Here are my notes on the recent council grant awards. I’m not speaking for council here, just giving my impressions of how the conversation went, in hopes that the info will be of use to local nonprofits in future applications.
Big picture, the district has three grant streams available:
- RMI event grants (for events that fit RMI criteria; awarded by council)
- arts & culture grants (decided this year by public “Participatory Budgeting” process)
- council grants (awarded by council)
Each has its own criteria and application deadline. The first two have been awarded already, and we settled the council grants at our 4-May meeting.
Council grants this year had almost $35,000 in requests, with $25,000 available to disburse. Council has full discretion in awarding these grants, and can give out the full amount or hold some back, and pick and choose on which project gets what.
The general idea behind council grants (in my mind at least) is to give us an opportunity to foster projects that may not fit well with other grant programs, but would nevertheless be an asset to the community.
Let me add that it’s a thankless task deciding what to fund and what not. All submitted projects were worthy of support, and it was difficult to sort out the yea and nay. Here are the (unofficial) grants, with my own notes on what influenced the decisions for each. This is all public info, available in the 4-May meeting agenda and minutes (available here), apart from the notes, which are mine alone.
Council grants 2016 (unofficial)
Two projects (not listed) were not funded:
- an event series aimed mostly at tourists, that council felt would best be funded through the RMI grants;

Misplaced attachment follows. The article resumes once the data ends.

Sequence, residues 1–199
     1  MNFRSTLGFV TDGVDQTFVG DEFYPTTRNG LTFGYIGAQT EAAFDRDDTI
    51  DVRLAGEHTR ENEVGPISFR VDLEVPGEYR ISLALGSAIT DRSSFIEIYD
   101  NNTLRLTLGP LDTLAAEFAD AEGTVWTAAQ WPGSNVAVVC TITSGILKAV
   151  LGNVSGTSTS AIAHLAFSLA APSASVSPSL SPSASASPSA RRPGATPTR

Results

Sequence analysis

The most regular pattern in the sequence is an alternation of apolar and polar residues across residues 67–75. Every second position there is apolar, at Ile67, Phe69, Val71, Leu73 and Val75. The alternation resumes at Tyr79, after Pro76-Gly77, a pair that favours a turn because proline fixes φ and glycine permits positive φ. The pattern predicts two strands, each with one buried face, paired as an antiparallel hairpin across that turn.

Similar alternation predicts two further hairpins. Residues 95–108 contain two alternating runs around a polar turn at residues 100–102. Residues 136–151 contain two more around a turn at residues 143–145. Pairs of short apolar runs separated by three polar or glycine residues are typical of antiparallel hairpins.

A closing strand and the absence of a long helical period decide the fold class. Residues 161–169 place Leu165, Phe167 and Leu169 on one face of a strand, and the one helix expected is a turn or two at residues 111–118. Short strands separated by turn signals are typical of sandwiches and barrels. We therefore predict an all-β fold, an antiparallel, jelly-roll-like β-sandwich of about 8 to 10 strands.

- an arts mini-festival, with a non-local board, that would best be funded through arts & culture.
For future applicants, some lessons:
- Read and follow ALL the criteria. Some didn’t, and that makes it easier to lower their amount or strike them off the list. In particular, some applicants requested more than the recommended 10% (or $2,500) cap, and were reduced accordingly.
- Get your application in by the deadline, with all requested background materials (project budget, list of board members, etc.). Some were missing materials.
- “Local” is good. Council favoured projects that benefit residents, and were under local control.
Council seems to be moving in the direction of putting all arts events into the arts & culture grant stream, and all event applications (that fit the RMI criteria) into the RMI events grant stream. This would leave the council grants for separate, unrelated initiatives like social programs or new initiatives. It seems likely that we will be revising and clarifying the grant criteria for 2017, and possibly adjusting the dollars available for each. If you have ideas or suggestions along these lines, talk to a councillor when the time comes.
The advice from my 1-May-2015 blogpost mostly still stands. Full info (plus video of the discussion) at the link, but here are the relevant points:
- Grants that launch a new project, or explicitly expand an existing project, are well received.
- Projects that help extend the shoulder seasons (i.e. outside the June-July-August peak season) are well received.
- Projects that have been running for a long time are generally expected to find alternate, sustainable sources of funding.
- Target your project to the requirements listed in the application. RMI grants, especially, are quite restricted in what they can support.
- Send in a complete application, including required items like financials, board list, past reports due, etc. Several applications were missing pieces.
Nonprofits, i hope that helps!